Along the way, the research team introduced improvements, testing different types of lenses to ensure the camera could handle both close-ups and farther away, big-picture views. Veterans who tested it were able to see significantly more of their skin in greater detail.

“‘I have never seen this part of my body,’” Olney recalled veterans saying. “That was really, really powerful and very exciting.”

blog-habit-camera-device.jpg

The Habit Camera device itself is pictured
The Habit Camera device has a telescoping and bendable handle to allow users to get a better view on hard-to-see areas of their skin. Photo: Habit Camera.

 

Planning for Success

While Habit Camera licensed the skin inspection technology to begin developing it for the market about a year ago, Herrera continues to work with the researchers to refine and optimize the device. Clinical research is underway at the VA to demonstrate both that the device is effective in allowing patients with spinal cord injuries and diabetes to monitor their skin and that they are willing and able to use it.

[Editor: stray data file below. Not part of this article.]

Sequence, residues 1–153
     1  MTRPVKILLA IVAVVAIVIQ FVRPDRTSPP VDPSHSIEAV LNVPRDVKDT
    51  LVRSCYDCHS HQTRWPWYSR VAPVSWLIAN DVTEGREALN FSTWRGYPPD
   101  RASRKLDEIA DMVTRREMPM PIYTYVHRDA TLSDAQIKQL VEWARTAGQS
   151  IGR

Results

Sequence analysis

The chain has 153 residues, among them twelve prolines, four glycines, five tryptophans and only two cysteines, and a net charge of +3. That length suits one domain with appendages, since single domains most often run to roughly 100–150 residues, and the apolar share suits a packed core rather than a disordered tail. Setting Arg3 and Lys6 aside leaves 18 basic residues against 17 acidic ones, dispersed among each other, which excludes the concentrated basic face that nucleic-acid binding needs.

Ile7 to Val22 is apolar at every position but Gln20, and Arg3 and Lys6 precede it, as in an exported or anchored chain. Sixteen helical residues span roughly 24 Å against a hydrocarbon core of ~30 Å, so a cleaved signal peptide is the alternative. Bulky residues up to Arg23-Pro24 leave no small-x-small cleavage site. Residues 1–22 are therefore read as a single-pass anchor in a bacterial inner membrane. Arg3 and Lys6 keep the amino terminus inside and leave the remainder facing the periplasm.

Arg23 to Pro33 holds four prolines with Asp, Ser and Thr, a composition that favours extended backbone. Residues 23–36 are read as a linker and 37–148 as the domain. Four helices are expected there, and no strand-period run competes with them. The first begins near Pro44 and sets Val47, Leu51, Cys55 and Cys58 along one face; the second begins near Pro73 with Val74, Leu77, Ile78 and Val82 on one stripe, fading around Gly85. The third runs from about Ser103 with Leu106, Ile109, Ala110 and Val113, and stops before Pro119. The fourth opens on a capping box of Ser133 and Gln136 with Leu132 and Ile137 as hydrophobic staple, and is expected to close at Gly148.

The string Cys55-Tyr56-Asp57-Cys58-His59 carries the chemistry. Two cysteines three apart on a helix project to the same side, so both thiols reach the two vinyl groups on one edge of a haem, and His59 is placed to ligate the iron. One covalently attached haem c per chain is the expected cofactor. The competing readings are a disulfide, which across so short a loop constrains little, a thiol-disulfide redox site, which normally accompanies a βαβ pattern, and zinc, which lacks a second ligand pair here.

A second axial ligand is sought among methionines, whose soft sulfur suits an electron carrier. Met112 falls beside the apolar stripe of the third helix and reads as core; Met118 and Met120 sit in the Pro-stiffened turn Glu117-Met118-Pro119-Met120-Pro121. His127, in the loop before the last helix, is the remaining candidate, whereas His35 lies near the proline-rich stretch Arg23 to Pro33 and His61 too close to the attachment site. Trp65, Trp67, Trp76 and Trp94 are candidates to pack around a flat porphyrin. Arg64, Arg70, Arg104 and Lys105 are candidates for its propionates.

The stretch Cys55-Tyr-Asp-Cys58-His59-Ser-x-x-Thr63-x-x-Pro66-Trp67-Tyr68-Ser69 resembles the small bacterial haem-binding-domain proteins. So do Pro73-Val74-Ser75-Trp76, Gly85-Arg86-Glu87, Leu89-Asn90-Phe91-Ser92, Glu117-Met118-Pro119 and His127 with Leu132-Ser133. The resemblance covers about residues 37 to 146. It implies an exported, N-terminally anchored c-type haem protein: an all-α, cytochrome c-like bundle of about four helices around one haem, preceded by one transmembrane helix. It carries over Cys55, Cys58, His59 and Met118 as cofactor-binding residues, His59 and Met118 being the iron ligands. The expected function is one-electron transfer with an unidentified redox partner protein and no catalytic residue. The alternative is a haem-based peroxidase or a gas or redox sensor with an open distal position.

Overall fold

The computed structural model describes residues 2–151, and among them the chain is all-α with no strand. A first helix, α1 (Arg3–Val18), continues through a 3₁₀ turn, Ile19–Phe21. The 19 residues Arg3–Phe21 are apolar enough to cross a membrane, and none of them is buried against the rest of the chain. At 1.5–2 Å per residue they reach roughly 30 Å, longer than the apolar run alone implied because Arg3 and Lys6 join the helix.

“We sent the device out to them and gathered data about the usability, about what their thoughts are,” Olney said. “We have pushed that data back to Derek so he can make changes to the system.”

While Herrera plans to eventually explore new applications of the Habit Camera technology, his focus right now is on getting the skin inspection device out onto the market, where it can start to help veterans and others with relevant medical conditions monitor their own health. His company is now taking pre-orders, with the first devices scheduled to ship later this summer.